is home to Salem Sue, the world’s largest Holstein Cow. Standing 38 feet
tall, Sue is 50 feet long and weighs some six tons.
When Dakota Territory was created in 1861 it was named for the Dakota
tribe. Dakota is a
Sioux word meaning friends or allies.
Max G. Taubert of
Casselton built a 50 foot high pyramid of empty oil cans in 1933.
Believed to be the highest oil can structure in the world, it was built
on a site that once occupied a Sinclair gas station. The
"attraction” is located north west of Casselton on exit I-94.
was the first state to complete its Interstate highway system.
hosts almost fifty local and regional rodeos that attract hundreds of
cowboys each year.
The coast line around
Lake Sakawea in North Dakota
is longer than the California coastline along the Pacific Ocean.
expedition, each of the men ate 9-12 pounds of meat per day while staying
at Fort Mandan in order to stay warm.
It wasn’t until 1987 that North Dakota
passed a making English the official state language.
Company in Beulah is the nation's only synthetic natural gas producer.
Two granite boulders
inscribed with thunderbird figures are exhibited at Writing Rock State
Historic Site located twelve miles northeast of Grenora. Giving the
site its name, the drawings probably represent the Thunderbird, a
mythological figure sacred to Late Prehistoric Plains
Devils Lake is the
largest natural body of water in North Dakota.
Deriving its name from the Native American word, Miniwaukan, early
explorers incorrectly translated the word to mean Bad Spirit.
10,000 years ago, the
state's eastern edge was a vast glacial lake bed.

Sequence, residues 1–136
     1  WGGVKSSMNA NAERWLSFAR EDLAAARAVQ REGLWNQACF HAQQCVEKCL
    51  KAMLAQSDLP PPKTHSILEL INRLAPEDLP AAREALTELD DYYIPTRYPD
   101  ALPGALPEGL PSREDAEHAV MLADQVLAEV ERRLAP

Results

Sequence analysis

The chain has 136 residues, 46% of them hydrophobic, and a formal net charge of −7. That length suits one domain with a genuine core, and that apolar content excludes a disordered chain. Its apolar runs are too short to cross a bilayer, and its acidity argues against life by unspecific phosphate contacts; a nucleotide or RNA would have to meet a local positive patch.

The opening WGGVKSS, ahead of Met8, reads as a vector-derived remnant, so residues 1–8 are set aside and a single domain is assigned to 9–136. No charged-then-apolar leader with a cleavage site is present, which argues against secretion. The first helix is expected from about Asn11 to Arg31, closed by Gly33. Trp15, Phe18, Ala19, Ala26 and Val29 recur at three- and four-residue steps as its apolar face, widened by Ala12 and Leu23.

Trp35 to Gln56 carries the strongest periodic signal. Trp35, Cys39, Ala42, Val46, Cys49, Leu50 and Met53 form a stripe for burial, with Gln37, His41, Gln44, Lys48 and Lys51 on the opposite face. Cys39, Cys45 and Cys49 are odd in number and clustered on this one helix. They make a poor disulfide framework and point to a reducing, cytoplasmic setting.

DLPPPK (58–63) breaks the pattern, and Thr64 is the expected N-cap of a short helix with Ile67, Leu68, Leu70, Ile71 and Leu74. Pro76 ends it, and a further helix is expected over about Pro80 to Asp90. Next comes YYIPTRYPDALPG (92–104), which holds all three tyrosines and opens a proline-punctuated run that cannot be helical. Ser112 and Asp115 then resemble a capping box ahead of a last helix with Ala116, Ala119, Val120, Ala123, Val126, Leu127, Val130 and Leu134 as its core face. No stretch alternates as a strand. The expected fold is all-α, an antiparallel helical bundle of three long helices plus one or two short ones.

National Park in western North Dakota
is the only national park named for a person. As president, Theodore
Roosevelt was instrumental in founding the national park system.
has 6 national sites, 56 state historic sites, 18 state parks, and more
than 150 museums. 5 of the 150 museums are Dinosaur museums.
Jamestown boasts the
world’s largest buffalo at 26 feet tall and 36 feet long. Weighing
in at some sixty tons, the concrete bison located at Frontier Village
guards the grain elevator with its unblinking eyes.
Turtle Lake celebrates
turtles, hard-shelled reptiles often found in the water. Turtle Lake has
erected a two-ton sculpture of a turtle near the entrance to the city. The
town is the home of the annual United States Turtle Racing Championship.
The Lewis and Clark expedition encountered their first grizzly bears in North
The piles of rock on
White Butte, North Dakota's
highest point, are known of as rock johnnies or sheepherder's monuments
and according to legend were piled there by sheepherders as a way to pass
the time while they tended their flocks.
The Big Hidatsa village
site was occupied from about 1740 to 1850 and is the largest of three
Hidatsa communities near the mouth of the Knife River. It is believed to
contain the best-defined earth lodge depressions of any major Native
American site in the Great Plains.
Lawrence Welk, Angie
Dickinson and Dorothy Stickney are from North Dakota.
has 60 wildlife refuges, more than any other state, and all are managed
for waterfowl production.
More ducks reproduce in North Dakota
wetlands than anywhere in the nation.
has more miles of road per capita than any other state - approximately
166 miles of road for every 1,000 people.
If North Dakota
seceded from the Union, it would be the world's third strongest nuclear
Roosevelt first came to Dakota Territory in September 1883 to hunt
buffalo. Before returning home to New York, he became interested in the
cattle business and established the Maltese Cross and Elkhorn Ranches.
If you wear a hat while
dancing in Fargo, you can be jailed. In fact, if you even wear a hat
to a place where dancing is going on, you are tempting the law.
On the Lewis and Clark
expedition, the men spent the most amount of time in what is now
Fort Union Trading Post was the principal
fur-trading depot in the Upper Missouri River region from 1829 to 1867.
of America, updated March, 2017.